If you grew up with suburban mooks universally wearing Abercrombie & Fitch, and headed to a high school today, you might be in for a surprise. The company has struggled in the recession years, and young people are turning towards brands like H&M. A&F is responding by taking their logos off their clothes, and presenting themselves as laid-back and sophisticated, rather than hyper-branded and luxuriously aspirational.
In fact, some are saying that young people are defining their social groups through clothing less than ever. Not sure if I’m buying it, but this is what Piper-Jaffrey analyst Steff Wissink told The New Yorker:

“Ten years ago, I could walk into an auditorium of two hundred kids, I could turn my back and tell them to switch seats and scramble.” Then, she said, she would turn around and guess which kids belonged to the same social groups according to what they were wearing—usually with great success. “Today,” she said, “it’s next to impossible.”

The real question: where are these auditoriums of 200 kids that are subject to the coldly capitalistic social experiments of retail analysts?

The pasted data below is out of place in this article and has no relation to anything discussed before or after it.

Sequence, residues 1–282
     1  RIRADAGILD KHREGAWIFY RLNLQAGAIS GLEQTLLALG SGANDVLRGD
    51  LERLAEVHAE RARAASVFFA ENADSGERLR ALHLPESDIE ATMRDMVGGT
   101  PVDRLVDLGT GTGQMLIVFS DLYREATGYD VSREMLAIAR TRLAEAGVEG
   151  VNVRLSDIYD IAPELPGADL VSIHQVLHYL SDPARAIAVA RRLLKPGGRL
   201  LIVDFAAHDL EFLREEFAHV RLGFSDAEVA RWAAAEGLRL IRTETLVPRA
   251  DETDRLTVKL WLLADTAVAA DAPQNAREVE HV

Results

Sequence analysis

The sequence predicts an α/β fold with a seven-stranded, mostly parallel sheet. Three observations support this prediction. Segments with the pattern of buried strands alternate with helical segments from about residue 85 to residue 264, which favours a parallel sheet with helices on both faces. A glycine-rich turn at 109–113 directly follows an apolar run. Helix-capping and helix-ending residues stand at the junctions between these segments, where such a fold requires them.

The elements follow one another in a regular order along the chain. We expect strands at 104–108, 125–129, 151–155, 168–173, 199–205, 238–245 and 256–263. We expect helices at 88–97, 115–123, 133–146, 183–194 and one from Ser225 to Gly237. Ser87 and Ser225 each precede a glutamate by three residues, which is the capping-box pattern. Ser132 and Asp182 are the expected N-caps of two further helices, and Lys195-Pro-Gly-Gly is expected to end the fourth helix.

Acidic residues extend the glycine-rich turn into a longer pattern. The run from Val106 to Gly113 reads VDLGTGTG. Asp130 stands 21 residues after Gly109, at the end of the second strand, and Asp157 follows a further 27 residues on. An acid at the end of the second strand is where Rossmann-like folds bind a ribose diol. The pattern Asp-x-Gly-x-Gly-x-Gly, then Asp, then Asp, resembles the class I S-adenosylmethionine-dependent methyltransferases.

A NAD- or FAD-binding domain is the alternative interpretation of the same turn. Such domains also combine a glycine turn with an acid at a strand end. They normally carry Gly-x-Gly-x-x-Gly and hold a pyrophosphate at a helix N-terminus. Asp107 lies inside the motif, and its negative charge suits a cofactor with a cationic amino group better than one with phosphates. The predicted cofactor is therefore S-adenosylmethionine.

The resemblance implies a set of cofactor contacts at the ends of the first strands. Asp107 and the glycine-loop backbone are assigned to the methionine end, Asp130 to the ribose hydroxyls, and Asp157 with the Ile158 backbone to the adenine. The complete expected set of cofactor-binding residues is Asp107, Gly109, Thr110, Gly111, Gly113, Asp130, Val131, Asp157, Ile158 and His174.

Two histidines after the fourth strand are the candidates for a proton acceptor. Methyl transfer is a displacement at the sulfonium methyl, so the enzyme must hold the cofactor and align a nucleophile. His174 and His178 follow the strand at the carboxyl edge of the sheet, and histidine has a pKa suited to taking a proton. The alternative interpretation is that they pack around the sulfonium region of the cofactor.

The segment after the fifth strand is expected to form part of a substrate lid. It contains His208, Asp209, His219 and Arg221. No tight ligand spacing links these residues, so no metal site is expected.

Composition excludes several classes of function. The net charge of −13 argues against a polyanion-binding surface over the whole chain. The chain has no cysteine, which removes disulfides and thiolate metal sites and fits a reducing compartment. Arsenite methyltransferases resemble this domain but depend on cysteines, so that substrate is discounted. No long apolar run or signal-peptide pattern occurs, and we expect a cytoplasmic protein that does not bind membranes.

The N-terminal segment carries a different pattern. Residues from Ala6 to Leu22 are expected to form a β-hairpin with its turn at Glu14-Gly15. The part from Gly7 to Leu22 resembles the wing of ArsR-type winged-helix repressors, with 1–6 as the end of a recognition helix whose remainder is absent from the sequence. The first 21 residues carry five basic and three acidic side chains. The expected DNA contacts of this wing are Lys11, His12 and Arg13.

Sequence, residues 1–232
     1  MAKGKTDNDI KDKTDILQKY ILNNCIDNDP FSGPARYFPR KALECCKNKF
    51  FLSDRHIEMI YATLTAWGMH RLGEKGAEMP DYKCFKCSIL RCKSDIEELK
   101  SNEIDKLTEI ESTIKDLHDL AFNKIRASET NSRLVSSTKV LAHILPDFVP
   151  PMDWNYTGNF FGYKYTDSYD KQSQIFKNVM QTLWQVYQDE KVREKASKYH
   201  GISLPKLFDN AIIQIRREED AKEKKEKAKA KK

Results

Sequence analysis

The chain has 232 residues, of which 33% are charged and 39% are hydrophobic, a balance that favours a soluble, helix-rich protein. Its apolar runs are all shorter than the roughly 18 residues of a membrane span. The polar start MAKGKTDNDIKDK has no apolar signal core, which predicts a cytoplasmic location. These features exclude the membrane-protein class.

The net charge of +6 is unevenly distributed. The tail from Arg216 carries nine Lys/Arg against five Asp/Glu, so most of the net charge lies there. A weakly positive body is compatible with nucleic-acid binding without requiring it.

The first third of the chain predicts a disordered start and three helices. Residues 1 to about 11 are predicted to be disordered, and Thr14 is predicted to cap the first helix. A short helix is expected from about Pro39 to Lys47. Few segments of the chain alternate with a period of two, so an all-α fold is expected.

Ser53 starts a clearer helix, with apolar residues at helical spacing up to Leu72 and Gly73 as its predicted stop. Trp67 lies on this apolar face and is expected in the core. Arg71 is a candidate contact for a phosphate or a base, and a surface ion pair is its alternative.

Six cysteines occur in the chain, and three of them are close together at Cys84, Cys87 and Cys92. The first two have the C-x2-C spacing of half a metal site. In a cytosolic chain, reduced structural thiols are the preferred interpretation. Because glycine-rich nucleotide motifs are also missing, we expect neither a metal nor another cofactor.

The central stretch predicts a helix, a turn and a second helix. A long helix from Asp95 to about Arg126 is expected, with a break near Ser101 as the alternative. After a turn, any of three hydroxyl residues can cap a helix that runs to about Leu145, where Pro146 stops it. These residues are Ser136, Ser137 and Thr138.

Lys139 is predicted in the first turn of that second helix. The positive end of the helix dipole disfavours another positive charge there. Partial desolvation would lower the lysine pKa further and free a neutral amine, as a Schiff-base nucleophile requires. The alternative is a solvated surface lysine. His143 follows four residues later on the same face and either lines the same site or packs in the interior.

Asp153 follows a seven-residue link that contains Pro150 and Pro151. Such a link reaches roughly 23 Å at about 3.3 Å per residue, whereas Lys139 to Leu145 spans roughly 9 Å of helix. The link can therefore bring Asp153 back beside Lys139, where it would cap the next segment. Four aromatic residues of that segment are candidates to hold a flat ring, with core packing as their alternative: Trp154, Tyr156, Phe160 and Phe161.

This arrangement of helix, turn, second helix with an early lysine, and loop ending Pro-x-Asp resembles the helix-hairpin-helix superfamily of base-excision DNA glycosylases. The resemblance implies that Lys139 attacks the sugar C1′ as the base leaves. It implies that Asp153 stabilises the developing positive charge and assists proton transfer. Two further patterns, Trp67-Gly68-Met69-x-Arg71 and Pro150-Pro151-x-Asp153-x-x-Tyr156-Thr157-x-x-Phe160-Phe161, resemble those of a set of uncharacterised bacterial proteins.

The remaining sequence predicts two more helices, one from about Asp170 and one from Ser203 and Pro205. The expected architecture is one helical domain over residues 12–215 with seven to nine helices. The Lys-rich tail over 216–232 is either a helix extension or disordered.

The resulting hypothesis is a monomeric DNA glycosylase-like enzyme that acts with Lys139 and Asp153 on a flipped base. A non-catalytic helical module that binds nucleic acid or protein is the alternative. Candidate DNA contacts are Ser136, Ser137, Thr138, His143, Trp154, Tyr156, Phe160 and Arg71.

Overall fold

Anyway, it’s nice that Abercrombie is struggling.

If you grew up with suburban mooks universally wearing Abercrombie & Fitch, and headed to a high school today, you might be in for a surprise. The company has struggled in the recession years, and young people are turning towards brands like H&M. A&F is responding by taking their logos off their clothes, and presenting themselves as laid-back and sophisticated, rather than hyper-branded and luxuriously aspirational.

In fact, some are saying that young people are defining their social groups through clothing less than ever. Not sure if I’m buying it, but this is what Piper-Jaffrey analyst Steff Wissink told The New Yorker:

“Ten years ago, I could walk into an auditorium of two hundred kids, I could turn my back and tell them to switch seats and scramble.” Then, she said, she would turn around and guess which kids belonged to the same social groups according to what they were wearing—usually with great success. “Today,” she said, “it’s next to impossible.”

The real question: where are these auditoriums of 200 kids that are subject to the coldly capitalistic social experiments of retail analysts?

Anyway, it’s nice that Abercrombie is struggling.